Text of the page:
Overclocking and Stability Testing the Raspberry Pi 2 – Part 2: Stability Testing

Stability Testing an Overclocked Raspberry Pi
 

Checking that the system is reliable after applying overclocking

Overclocking is nothing without Stability. Image - www.wallpaper.ge/
Overclocking is nothing without Stability. Image – http://www.wallpaper.ge/

Following on from Part 1 of this post on Overclocking, we turn our attention to stability testing the system; this process is crucial, as simply witnessing the Pi boot to the command shell, or a Graphical User Interface (GUI) isn’t proof that a given combination of overclock settings is stable.

Sometimes an instability will only become apparent after several hours of intensive activity on the system (which is highly likely if using the system for gaming with an installation such as RetroPie).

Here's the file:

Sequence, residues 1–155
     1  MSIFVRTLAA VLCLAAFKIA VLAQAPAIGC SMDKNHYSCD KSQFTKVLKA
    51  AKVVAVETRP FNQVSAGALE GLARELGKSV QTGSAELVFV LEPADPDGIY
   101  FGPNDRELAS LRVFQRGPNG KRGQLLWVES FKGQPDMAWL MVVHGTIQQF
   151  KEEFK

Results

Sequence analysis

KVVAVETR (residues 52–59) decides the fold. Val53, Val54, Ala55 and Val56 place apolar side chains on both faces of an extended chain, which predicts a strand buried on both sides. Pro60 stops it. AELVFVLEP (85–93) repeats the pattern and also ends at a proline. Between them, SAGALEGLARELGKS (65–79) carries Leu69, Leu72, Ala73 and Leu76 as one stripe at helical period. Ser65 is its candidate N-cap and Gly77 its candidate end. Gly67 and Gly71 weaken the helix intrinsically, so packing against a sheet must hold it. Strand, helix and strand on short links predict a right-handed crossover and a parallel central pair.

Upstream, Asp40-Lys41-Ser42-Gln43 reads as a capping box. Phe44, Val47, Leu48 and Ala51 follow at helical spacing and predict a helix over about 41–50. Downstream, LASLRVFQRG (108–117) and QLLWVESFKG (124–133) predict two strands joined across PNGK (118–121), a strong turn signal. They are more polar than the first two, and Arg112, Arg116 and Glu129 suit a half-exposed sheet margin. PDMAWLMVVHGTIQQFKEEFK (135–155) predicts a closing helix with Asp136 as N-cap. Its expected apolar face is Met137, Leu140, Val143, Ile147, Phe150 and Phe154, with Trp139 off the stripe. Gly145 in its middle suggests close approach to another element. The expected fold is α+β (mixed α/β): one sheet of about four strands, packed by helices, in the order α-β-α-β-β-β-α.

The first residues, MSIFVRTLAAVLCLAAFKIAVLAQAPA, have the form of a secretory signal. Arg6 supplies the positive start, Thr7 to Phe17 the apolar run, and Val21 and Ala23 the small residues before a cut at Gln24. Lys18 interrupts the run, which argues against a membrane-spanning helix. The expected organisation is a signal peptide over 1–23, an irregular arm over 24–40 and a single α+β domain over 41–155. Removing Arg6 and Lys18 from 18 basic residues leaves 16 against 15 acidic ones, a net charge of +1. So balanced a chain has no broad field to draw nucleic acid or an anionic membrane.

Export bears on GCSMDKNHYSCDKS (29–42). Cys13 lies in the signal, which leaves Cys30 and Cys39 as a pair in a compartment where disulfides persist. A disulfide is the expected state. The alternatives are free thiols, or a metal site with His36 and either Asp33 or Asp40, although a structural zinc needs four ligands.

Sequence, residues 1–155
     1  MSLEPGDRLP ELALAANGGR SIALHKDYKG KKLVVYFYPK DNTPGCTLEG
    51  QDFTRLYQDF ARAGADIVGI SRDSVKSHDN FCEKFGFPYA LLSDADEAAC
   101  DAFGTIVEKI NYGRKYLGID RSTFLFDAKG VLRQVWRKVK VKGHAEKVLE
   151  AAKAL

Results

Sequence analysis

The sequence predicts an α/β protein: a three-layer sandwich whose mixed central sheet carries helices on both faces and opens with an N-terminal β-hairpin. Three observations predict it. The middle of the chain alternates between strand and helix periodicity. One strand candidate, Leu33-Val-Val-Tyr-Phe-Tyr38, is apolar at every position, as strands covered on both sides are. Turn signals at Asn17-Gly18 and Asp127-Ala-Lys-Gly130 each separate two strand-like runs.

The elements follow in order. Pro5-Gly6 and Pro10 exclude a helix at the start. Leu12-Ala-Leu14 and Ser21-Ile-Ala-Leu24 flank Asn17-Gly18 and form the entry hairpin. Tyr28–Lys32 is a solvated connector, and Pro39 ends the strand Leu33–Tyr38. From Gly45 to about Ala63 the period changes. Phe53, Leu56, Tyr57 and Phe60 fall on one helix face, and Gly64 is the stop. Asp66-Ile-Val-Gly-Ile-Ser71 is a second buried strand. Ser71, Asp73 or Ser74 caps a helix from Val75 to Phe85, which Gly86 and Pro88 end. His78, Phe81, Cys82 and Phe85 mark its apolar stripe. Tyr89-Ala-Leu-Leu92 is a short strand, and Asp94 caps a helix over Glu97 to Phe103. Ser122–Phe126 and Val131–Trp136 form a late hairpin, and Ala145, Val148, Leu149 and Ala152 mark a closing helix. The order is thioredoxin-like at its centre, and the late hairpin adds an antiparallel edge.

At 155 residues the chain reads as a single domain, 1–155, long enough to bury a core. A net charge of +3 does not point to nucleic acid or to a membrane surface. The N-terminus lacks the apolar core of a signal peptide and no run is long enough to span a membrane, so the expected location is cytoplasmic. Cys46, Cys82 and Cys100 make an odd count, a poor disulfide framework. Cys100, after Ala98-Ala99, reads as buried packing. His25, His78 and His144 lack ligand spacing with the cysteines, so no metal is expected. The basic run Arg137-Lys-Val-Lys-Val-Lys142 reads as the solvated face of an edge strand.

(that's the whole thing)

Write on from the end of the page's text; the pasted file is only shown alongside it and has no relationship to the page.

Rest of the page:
There are three tools / scripts which I have used in the stability testing processes. For each I will provide instructions on obtaining and installing (or running, as appropriate):

  • MPrime.py
    – Python script to search for prime numbers, which heavily loads the CPU
    – User selectable numeric range to test
    – User selectable number of cores to run upon simultaneously.
  • Memtester
    – Tests the stability of the RAM
    – Natively runs on a single CPU core, but can be run on all cores using multiple remote SSH sessions, or the Screen tool
  • Stability Test Script
    – Reads the entire SD card 10x. Tests RAM and I/O
    – Writes 512 MB test file, 10x.
    – Script can be easily updated to change the number of reads/writes etc.

This post covers the use of mprime. Subsequent posts covers the use of Memtester and the Stability Test Script. Please use the links in the above list to access the relevant information.

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